In both nations, wealth = improved life expectancy = declining populations = the ability to manage energy needs better - exactly as happened in the West.

    Sure, it's Big and Clever to scapegoat the laggers-behind, but the truth is we *suck* hard at this stuff - we are extremely change-resistant (this thread proves that all on its own!), and could do more, quicker if it wasn't for the mix of corruption and incompetence that we laughingly call "government".

  8. #58
    Grand Master oldoakknives's Avatar
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    Quote Originally Posted by earlofsodbury View Post
    Seriously? China? You mean the place the West offshored all of its manufacturing to - precipitating desperate measures to produce enough power from any old source? The place we now hypocritically condemn for its pollution levels? The only place in the World to at least try to limit its own population? The already very wealthy nation that's mopping-up all the fugly Rolexes everyone's always whining about? The country with the fastest rate of development of hybrid and electric vehicles in the World - cos they saw all this coming 20 years ago? The country that gave us the multi-record-breaking Nio EP9 electric car? The country that's turning Volvo into an electric car manufacturer? That China?

    Shall we do India? Own space program India? Owns Jaguar-Land-Rover India? The only nation in the World committed to planting nearly 1.5 *billion* native trees? Blah-blah...
    I mean, sure, it's a giant clusterf*ck of a place (I worked there for a while, it's an eye-opener...), but it's getting richer by the second, and with wealth will come first a spike and then a reduction in per-capita pollution (already substantially lower than the West BTW!) as they are able to afford to improve environmental standards. Trust me, they know they have problems - and they are working hard to resolve them, while we in the West have moronic glove-puppets like Johnson and Trump pretending that facts are negotiable and climate change doesn't exist...

    In both nations, wealth = improved life expectancy = declining populations = the ability to manage energy needs better - exactly as happened in the West.

    Sure, it's Big and Clever to scapegoat the laggers-behind, but the truth is we *suck* hard at this stuff - we are extremely change-resistant (this thread proves that all on its own!), and could do more, quicker if it wasn't for the mix of corruption and incompetence that we laughingly call "government".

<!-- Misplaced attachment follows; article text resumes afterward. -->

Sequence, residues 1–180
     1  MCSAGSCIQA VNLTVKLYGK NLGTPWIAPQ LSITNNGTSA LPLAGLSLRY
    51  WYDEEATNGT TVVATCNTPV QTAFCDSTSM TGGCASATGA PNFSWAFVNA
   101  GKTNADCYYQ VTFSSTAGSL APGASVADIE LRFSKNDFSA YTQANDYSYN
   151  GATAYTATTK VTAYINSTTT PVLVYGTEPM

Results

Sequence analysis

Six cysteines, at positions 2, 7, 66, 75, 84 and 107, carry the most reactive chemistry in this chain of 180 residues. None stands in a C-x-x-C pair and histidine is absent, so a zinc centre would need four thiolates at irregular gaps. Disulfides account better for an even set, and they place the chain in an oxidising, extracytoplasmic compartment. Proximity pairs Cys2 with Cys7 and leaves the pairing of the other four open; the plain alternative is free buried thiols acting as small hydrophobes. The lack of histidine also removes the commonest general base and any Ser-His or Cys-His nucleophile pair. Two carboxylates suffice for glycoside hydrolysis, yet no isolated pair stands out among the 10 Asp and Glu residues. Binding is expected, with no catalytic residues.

All of which doesn't answer my point at all.
    It's just democracy.

  9. #59
    Quote Originally Posted by Carl.1 View Post
    Mine is fuel is not going to run out soon enough to worry and i believe that electric cars are not a good option.
    We would be better off running and maintaining our cars as long as possible.
    Whether or not you should worry depends on your age I suppose. Current estimates, that those predicted by the Oil and Gas industry, is that we have about 50 years of oil left. I hope to be around in 50 years, and hope my kids will be too.

    Maintaining cars, and trying to use less oil may sound like a good idea. But why focus our efforts on use less of something that's running out, rather than develop technologies that harvest energy from renewable sources.

    Neanderthals burned natural resources for heat and we're still doing the same, yet we have many alternatives available to us, thanks to people doing exactly the opposite of what you propose.

  10. #60
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    Quote Originally Posted by chrisparker View Post
    In 20 years or so many people won't own a private car.
    I'm with you on that one. It is so inifficient for transport as the car just sits idle for 95% of the time. Now with combination of Mobile App Tech; AI - predictive transport loads; Robotics / Machine Learning; Driverless vehicles - there will not be the need to own a car - just get a taxi style service - but bring it to an affordable alternative and applicable not just to regular journeys but trips when you use the cars currently - or just get out and walk / cycle and get some exercise...

    Martyn

  11. #61
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    Mx-5!

  12. #62
    Quote Originally Posted by Carl.1 View Post
    Holsterman, not sure what point you are discussing.

    Mine is fuel is not going to run out soon enough to worry and i believe that electric cars are not a good option.
    We would be better off running and maintaining our cars as long as possible.
    My posts are crystal-clear, I can't help you with your comprehension. You've shifted your stance on the inexhaustibility of fossil fuels, I see. Well done.

    Electric cars will be great if the electricity to charge them is generated using a combination of renewable energy (solar, wind etc.) and nuclear power stations.

    May I suggest you fit solar panels to your roof?

  13. #63
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    Quote Originally Posted by chrisparker View Post
    Whether or not you should worry depends on your age I suppose. Current estimates, that those predicted by the Oil and Gas industry, is that we have about 50 years of oil left. I hope to be around in 50 years, and hope my kids will be too.

    Maintaining cars, and trying to use less oil may sound like a good idea. But why focus our efforts on use less of something that's running out, rather than develop technologies that harvest energy from renewable sources.

    Neanderthals burned natural resources for heat and we're still doing the same, yet we have many alternatives available to us, thanks to people doing exactly the opposite of what you propose.